Name a film featuring an eclectic cast that includes Sandra Bernhard, John Candy, Waylon Jennings, and Caroll Spinney. Stumped? Clearly, you didn’t read the title of this review. Originally released in 1985, this Children’s Television Workshop classic has been given a fresh coat of paint in the recently released remastered 25th anniversary DVD package.
The movie opens with a meeting of the Feathered Friends, a philanthropic/social work organization that places orphan birds with bird families. Big Bird has come to their attention, and one member, Miss Finch, is particularly concerned with his situation. She insists that birds must live with their “own kind,” and refuses to believe that Big Bird might, in fact, be happy and well cared-for on Sesame Street. She convinces him to leave with her and she takes him to live with a family of dodos in the Midwest.
Big Bird tries to fit in with his new family, but they aren’t interested in the same things he’s interested in. Eventually his homesick feelings for Sesame Street take over, and he sneaks out, believing that he can walk home in just a few hours. Kind strangers help him along the way, but there are some who would rather exploit him, including Miss Finch, in her own way. However, his friends (both the new ones he meets along the way and his Sesame Street family) are able to rescue him, and Miss Finch learns that there is more to being a family than being “your own kind.”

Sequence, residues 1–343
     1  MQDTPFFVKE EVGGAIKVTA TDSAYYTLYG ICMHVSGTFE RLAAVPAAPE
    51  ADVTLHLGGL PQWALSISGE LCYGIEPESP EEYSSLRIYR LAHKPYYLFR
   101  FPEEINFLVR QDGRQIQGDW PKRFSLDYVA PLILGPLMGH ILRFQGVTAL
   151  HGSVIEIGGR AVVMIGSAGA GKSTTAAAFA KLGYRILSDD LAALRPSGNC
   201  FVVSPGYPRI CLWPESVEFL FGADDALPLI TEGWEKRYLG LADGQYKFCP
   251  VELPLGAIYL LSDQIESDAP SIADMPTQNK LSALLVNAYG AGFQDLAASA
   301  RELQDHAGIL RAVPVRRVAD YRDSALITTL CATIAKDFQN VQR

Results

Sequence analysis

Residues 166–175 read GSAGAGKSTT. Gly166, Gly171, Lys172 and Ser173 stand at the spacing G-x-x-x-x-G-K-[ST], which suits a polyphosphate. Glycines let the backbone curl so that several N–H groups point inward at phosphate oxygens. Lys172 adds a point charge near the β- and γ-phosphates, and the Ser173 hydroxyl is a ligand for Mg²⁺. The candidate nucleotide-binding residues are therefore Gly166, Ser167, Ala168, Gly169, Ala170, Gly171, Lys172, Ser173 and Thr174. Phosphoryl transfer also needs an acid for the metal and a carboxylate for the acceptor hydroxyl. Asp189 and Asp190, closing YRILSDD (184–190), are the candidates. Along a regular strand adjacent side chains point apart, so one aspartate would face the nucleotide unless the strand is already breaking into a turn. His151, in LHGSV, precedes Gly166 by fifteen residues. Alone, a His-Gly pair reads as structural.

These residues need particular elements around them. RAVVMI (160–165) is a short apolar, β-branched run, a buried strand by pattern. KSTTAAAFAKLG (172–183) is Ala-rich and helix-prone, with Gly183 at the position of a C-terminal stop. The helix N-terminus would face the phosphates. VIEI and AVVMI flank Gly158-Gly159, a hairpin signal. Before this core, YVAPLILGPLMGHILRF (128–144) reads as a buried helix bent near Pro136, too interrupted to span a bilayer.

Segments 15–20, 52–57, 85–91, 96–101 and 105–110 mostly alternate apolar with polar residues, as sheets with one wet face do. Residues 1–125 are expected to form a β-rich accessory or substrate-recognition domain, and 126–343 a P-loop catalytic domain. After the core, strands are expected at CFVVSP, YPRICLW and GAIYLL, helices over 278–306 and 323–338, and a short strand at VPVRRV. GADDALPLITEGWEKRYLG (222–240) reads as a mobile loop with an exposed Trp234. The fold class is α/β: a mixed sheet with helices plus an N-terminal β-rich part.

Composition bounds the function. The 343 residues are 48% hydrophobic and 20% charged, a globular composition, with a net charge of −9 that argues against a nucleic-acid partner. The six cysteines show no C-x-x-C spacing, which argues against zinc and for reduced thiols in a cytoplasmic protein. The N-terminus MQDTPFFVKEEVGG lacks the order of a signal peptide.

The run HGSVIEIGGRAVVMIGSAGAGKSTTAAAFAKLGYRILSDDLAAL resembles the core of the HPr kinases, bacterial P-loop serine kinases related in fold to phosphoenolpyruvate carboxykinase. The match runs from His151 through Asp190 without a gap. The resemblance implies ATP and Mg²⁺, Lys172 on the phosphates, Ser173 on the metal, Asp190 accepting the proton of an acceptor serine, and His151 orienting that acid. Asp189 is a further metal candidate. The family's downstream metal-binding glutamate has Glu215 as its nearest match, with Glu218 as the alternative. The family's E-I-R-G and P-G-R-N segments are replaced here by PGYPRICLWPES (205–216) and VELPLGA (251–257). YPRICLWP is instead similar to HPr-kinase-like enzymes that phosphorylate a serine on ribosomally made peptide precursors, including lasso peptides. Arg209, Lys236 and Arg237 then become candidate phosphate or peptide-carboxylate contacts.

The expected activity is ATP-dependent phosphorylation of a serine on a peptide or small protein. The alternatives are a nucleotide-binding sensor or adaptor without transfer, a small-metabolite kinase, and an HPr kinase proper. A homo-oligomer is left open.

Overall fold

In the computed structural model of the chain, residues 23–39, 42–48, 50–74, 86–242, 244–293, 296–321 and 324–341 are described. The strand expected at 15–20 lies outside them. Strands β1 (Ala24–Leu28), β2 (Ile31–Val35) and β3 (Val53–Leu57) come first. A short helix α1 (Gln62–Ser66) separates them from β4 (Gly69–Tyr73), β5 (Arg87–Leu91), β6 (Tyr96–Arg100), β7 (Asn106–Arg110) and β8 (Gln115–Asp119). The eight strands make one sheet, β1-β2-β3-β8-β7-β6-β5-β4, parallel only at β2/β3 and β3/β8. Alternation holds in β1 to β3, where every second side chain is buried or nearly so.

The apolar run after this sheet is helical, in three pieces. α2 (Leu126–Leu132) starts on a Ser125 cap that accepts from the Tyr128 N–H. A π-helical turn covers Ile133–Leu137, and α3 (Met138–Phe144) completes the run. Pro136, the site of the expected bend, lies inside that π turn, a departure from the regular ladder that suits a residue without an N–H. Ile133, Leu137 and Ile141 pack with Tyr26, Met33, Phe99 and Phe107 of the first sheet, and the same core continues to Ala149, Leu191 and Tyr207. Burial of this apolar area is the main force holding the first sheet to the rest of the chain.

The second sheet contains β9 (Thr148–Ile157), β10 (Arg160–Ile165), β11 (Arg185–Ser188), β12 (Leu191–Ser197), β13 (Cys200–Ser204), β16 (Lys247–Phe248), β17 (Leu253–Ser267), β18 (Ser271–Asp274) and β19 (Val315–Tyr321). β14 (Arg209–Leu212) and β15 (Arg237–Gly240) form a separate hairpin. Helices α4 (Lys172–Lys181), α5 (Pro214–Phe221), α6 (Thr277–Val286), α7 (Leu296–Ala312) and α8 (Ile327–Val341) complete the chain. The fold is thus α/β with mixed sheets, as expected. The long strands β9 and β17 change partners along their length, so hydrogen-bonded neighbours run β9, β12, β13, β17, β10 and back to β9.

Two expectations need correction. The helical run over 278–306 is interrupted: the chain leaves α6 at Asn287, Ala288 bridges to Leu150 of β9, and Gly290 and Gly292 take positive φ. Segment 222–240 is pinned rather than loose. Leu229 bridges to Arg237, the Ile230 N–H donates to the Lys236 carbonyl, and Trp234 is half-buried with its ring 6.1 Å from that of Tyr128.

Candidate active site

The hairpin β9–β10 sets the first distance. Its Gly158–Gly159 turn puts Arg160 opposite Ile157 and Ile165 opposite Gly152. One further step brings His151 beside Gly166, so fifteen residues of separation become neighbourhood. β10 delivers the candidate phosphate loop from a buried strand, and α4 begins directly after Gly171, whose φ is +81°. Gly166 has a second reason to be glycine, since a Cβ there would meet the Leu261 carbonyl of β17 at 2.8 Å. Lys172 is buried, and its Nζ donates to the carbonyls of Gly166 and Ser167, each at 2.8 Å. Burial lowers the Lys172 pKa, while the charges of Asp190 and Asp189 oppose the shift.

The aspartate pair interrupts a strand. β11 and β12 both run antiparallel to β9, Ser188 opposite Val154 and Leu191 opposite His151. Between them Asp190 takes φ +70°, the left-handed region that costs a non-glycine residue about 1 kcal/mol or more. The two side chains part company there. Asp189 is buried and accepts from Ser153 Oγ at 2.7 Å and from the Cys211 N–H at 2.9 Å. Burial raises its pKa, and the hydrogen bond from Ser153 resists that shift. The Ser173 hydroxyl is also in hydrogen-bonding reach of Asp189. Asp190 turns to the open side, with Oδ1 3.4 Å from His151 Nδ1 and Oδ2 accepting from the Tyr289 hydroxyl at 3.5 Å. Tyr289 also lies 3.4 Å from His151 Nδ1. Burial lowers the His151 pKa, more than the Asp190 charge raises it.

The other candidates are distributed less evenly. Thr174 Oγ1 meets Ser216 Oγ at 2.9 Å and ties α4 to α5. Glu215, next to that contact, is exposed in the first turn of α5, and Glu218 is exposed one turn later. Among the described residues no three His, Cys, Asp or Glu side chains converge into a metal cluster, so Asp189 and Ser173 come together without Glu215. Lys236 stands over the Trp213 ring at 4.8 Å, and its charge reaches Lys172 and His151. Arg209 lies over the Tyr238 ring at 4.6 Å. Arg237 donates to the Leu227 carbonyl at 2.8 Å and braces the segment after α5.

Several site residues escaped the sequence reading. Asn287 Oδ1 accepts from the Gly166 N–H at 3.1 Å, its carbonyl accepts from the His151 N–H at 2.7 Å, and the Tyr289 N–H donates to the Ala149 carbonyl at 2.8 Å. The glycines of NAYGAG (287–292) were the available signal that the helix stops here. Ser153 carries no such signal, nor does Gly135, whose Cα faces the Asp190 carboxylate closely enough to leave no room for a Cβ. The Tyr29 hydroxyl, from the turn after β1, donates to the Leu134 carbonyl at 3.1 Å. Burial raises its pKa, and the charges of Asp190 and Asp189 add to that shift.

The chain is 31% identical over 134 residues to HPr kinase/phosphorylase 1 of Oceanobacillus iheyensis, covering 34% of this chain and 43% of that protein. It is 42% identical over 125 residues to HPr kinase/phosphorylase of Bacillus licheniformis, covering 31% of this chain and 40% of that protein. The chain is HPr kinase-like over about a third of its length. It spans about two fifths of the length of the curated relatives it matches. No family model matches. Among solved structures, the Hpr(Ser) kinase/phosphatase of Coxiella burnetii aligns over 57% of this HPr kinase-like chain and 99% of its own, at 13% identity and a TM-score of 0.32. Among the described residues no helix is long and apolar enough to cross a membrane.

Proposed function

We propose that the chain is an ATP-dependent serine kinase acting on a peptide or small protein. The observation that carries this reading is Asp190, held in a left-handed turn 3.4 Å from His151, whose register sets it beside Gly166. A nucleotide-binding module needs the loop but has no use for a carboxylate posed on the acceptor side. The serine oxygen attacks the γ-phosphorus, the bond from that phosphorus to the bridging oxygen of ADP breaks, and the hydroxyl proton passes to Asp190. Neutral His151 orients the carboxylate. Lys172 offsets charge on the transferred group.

The final credits are well worth sitting through, as The Count presents the first part of them, counting off each one. Executive Producer Joan Ganz Cooney gets a special mention, including a “Hi, Mom.” Ganz Cooney is the original founder of the Children’s Television Workshop, and would, therefore, be a mother to all of the characters in Sesame Street.
The sing-along portion of the DVD is presented in full-screen, not in wide-screen. My guess is that these came from the first DVD transfer that Warner Bros. released in 2002. The 1.78:1 anamorphic widescreen presentation of the feature (and the Caroll Spinney featurette ) gives the movie a vivid, fresh look that helps to keep it from showing it’s age quite so much. The human hairstyles and clothing are a giveaway, but I suspect that the target audience (children) will too distracted by the muppets and the story to care.
Follow That Bird is classic Sesame Street programming. It is entertaining and poignant, without beating the viewer over the head with the message. I highly recommend this for parents of young children.